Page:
23 “On that day’”—it is a declaration of Adonai-Tzva’ot—‘I will take you, Zerubbabel son of Shealtiel, my servant’—it is a declaration of Adonai—“‘and I will set you like a signet ring. For I have chosen you.’” It is a declaration of Adonai-Tzva’ot.  Haggai 2:23 (TLV)

(Adonai-Tzva’ot – means The Lord of Hosts.)

Though we may be tossed and shaken about by the waves of life, God has never lost control.  His plan will be carried out in full no matter the opposition, spiritual or human.  May this be a source of comfort for those with faith, and a life preserver to reach for by those searching for a loving power greater than themselves.  His arms are open and welcoming for all.

Reflection

What ground is shaking around you today?  The Lord wants to fight our battles for us as we lean upon Him and His goodness.

Lord, we reach out to you for the thousandth time or for the first time.  Take us in Your arms and meet our desperate needs, be it for ourselves or for someone else whom we love.  We trust You to be present and a source of great comfort and peace in whatever our need.  We ask this in Jesus’ name, Amen.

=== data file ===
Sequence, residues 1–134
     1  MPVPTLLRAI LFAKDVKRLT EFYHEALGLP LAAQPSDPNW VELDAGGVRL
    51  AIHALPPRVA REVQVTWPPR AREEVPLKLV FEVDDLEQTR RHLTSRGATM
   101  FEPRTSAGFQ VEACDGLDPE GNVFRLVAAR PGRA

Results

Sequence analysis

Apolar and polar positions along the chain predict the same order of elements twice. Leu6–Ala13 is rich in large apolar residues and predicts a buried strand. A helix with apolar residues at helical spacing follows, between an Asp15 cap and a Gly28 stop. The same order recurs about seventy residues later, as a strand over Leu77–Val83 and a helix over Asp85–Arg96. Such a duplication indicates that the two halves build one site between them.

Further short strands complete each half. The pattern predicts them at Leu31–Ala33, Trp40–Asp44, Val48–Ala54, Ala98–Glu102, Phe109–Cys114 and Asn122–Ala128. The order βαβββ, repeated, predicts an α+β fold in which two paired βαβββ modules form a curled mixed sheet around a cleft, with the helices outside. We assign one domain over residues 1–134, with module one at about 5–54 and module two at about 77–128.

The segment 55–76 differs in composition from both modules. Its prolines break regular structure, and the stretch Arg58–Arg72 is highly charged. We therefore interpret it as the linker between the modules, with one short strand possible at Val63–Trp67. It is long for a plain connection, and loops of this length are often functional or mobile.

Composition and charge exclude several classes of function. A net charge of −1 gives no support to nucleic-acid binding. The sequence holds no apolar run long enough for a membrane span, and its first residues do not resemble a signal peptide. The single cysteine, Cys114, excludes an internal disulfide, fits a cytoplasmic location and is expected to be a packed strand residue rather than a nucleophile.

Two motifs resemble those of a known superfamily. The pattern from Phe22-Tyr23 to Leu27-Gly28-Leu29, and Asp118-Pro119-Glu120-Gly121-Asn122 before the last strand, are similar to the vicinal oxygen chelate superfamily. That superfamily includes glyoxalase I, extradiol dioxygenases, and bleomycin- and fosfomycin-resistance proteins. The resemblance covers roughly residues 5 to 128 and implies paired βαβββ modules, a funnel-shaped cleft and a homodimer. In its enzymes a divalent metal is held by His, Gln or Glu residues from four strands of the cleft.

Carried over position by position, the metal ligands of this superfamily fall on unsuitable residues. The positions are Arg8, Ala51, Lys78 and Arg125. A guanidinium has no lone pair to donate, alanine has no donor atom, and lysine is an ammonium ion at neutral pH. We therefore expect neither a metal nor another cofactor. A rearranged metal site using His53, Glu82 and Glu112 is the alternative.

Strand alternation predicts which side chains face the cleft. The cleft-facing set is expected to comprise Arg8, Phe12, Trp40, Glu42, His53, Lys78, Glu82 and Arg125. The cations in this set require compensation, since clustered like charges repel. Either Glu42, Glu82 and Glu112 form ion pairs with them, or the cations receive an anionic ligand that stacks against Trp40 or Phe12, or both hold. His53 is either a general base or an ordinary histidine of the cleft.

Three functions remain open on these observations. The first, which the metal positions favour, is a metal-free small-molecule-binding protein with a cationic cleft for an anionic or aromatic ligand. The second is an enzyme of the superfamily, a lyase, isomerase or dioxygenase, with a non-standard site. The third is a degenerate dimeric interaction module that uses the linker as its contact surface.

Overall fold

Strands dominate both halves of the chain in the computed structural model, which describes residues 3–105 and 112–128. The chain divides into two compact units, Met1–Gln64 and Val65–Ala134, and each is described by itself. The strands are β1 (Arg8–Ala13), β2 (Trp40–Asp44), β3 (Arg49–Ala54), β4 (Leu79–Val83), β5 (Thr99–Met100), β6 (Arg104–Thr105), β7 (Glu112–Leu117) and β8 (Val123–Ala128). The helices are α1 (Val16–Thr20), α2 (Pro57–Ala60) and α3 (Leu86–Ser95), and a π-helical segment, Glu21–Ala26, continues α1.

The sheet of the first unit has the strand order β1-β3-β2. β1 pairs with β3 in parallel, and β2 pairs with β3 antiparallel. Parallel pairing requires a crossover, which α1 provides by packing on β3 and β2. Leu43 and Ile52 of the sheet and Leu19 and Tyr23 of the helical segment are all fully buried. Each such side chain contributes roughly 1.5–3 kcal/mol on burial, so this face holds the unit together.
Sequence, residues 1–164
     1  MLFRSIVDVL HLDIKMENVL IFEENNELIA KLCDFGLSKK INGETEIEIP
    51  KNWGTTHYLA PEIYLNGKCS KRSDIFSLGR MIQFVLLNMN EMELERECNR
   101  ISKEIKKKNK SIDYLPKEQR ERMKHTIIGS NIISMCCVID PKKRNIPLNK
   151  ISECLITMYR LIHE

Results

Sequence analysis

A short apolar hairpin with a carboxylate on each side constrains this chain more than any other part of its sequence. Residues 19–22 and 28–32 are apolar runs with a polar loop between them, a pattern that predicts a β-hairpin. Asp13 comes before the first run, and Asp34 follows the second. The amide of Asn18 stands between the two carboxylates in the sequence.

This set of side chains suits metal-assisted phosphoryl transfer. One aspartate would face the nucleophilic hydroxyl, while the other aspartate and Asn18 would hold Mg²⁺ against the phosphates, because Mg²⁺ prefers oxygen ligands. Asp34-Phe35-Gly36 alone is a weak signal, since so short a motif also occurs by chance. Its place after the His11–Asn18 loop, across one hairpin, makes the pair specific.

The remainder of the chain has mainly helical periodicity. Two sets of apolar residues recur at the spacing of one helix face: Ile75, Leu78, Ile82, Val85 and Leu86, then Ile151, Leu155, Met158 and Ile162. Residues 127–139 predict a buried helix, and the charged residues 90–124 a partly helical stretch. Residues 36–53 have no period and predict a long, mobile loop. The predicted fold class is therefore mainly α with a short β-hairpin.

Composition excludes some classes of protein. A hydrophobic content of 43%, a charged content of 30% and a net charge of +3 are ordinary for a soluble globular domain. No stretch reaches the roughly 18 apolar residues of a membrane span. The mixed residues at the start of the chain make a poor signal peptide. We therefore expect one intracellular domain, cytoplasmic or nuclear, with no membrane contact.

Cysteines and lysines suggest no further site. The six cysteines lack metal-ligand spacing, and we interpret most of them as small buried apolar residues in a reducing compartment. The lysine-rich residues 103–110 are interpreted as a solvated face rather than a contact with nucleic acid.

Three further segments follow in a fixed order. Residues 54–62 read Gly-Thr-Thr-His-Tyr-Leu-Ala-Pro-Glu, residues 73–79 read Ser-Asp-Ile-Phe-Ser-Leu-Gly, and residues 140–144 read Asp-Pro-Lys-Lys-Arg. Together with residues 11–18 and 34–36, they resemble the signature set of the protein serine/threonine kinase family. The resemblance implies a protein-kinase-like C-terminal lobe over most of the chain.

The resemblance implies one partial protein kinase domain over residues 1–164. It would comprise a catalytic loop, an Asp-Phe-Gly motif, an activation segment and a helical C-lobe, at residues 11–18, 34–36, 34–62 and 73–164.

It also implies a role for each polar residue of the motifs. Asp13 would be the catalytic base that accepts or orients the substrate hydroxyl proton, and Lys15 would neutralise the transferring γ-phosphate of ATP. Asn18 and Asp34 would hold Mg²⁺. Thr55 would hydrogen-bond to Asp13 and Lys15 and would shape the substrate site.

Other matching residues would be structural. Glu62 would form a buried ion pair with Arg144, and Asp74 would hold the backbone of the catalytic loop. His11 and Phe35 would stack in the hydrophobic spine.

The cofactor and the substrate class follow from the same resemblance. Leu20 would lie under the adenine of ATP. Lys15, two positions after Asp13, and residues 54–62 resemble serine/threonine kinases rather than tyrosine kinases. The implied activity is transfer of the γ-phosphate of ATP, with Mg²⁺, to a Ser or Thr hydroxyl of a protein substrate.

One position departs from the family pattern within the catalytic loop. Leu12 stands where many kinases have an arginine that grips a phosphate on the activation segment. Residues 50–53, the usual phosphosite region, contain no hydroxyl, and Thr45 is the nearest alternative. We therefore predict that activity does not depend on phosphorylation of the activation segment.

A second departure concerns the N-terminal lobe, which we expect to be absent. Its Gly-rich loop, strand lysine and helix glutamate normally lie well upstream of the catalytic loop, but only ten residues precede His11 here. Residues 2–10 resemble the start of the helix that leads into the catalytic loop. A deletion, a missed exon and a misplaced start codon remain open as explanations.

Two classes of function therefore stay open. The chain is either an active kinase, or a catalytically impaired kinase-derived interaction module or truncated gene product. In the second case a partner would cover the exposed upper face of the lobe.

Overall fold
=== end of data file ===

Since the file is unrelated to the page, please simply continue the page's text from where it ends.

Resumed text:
*(Note: Jehoichin’s Rations Tablets from the royal archives of King Nebuchadnezzar were excavated from Babylon during 1899-1917 by Robert Koldewey. They describe the rations set aside for captive King Jechoniah and five of his sons. Source: Wikipedia)

Big Plans for a Small House – Haggai 2

We have rounded the last turn and are in the home stretch of this online meditation series built around the Genealogy of Jesus Christ.  The last person from the genealogy to be covered in the Old Testament – Zerubbabel – is here, and soon we will be looking at a series of prophecies by his contemporaries, the prophets Haggai, Daniel, and Zechariah. 

Some of these prophecies will point towards the first coming of the Messiah, Jesus Christ, who was born about five hundred years after they were written.  Others will cover the global events surrounding Christ’s second coming which is yet to occur but could happen within our lifetimes.  It is a blessing to be aware of what God has to say about the future.

After these prophecies, we will cover a few final events from the latter days of the Medo-Persian empire and close this study with the short book of Malachi.  From here, the word of God in the Old Testament would go silent for another four hundred years until the birth of Christ.

The prophet Haggai joined Governor Zerubbabel and high priest Joshua in returning to and living in Jerusalem near the end of Daniel’s life.  God would use Haggai to get the reconstruction of the temple in Jerusalem started again after a long hiatus, and it would be finished a few years later.